Fort Lauderdale is the "Yachting Capital of the World,” so it only makes sense that the city would throw an annual bash centered around the display of some of the sickest megaboats ever made. The 57th-annual Fort Lauderdale International Boat Show returns to South Florida from November 3 to November 7, 2016, and this year promises to be bigger than ever. Scheduled to be displayed this season are a wide variety of boats, including runabouts, sportfishers, high-performance boats, center consoles, cabin cruisers, flats boats, skiffs, express cruisers, sailing yachts, motor yachts, bowriders, catamarans, ski boats, jet boats, trawlers, inflatables, canoes, and extraordinary superyachts. In addition, yacht-makers will be in attendance to speak about how they build these massive works of art sitting on the water, and there will even be an assortment of exotic cars you rarely spot on the roads. There are a variety of ways you can experience the Fort Lauderdale International Boat Show, including different tiers of tickets that get you more and more access to the yachts. VIP packages are available as well as Hall of Fame parking passes. Tickets range from a one-day general admission ticket ($28) to a two-day ticket ($46) to a four-day Prime Time preview ticket that is valid any one day ($45). To get a sneak preview of many of the boats you’ll see at the event, purchase tickets, or see the exhibit schedule, visit flibs.com.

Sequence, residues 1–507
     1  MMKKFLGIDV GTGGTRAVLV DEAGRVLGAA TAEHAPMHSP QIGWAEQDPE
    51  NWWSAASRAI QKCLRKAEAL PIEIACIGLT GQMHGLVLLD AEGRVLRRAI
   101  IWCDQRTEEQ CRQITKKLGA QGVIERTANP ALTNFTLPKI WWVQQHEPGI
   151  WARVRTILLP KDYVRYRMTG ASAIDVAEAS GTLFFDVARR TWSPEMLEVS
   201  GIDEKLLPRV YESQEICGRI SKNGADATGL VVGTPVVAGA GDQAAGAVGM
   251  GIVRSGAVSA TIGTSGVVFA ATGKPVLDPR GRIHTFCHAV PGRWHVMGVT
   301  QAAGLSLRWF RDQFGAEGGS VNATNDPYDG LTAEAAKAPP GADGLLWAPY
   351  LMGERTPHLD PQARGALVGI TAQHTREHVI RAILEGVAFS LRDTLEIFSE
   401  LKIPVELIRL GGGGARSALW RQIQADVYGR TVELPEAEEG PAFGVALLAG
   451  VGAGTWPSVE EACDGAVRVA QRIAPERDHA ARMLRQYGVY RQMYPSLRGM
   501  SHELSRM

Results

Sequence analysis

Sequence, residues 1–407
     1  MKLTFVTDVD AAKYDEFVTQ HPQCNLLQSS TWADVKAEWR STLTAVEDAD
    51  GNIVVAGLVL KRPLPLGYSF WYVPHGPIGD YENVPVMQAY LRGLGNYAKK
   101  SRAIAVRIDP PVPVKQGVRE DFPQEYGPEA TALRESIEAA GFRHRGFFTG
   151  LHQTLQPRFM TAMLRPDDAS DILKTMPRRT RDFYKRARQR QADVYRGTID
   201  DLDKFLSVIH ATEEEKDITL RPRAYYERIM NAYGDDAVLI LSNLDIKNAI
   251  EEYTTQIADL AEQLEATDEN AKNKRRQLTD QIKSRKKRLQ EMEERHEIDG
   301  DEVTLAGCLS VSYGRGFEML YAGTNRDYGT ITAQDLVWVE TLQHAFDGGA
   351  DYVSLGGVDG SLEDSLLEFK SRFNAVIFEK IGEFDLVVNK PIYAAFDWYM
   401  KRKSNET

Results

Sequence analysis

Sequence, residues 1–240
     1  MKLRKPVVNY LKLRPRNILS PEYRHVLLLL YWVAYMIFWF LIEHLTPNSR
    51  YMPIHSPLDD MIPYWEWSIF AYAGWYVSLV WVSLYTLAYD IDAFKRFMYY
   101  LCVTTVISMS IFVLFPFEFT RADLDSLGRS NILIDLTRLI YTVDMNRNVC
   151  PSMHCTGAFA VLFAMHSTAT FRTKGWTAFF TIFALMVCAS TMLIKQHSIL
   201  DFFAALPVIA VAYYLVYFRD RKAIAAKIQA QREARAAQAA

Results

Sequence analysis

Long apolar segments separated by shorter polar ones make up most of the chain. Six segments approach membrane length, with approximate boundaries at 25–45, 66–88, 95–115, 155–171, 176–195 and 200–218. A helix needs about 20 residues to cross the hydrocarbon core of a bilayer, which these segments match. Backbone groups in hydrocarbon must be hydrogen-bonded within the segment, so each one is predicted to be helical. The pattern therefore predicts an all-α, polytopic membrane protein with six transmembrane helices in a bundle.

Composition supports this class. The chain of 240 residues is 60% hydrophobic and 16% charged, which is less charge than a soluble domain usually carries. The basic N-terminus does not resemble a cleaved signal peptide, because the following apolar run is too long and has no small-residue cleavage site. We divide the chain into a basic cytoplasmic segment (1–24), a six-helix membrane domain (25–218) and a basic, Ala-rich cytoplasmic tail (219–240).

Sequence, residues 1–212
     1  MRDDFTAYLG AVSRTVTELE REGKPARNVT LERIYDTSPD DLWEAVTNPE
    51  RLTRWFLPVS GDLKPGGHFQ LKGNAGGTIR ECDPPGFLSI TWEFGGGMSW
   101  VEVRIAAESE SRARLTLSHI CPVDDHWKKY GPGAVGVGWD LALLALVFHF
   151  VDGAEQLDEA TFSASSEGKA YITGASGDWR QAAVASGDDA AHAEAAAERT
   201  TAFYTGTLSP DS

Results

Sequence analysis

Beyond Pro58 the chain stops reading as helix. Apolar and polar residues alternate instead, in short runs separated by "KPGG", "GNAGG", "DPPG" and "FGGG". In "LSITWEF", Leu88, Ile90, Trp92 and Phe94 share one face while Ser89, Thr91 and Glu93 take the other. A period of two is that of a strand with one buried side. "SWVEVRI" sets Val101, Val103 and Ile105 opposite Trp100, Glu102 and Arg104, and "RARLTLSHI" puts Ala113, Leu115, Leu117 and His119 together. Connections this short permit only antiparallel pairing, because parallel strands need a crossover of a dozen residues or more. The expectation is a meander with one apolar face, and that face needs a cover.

The Reel Recovery Film Festival is not your average film fest. Often called the "Sundance of Recovery," it showcases those who make honest films about addiction, alcoholism, substance abuse, behavioral disorders, treatment, and recovery. The festival is held in multiple cities throughout the United States, including Fort Lauderdale. Now in its eighth year (fifth in Fort Lauderdale), the fest features a lineup that includes many genres: contemporary, classics, documentaries, and shorts from American, international, and first-time filmmakers as well as industry veterans. The South Florida festival is presented by the In the Rooms Foundation, a nonprofit dedicated to promoting recovery options, and Writers in Treatment, a nonprofit helping authors with alcohol and other drug addictions. Past editions have featured picks such as Real Sobriety, a film directed by Jill Heinerth depicting a "brutally" honest cadre of Floridians sharing their intimate journey from the darkest depths of drug and alcohol addiction. One of the films featured this year is Delray, a short by Brittany Ackerman that portrays the city's drug-recovery industry. This year's festival will take place Friday through Sunday at the Classic Gateway Theatre, 1820 E. Sunrise Blvd., Fort Lauderdale. Tickets to each screening cost $10 at the door. Call 954-655-1300 or email [email protected].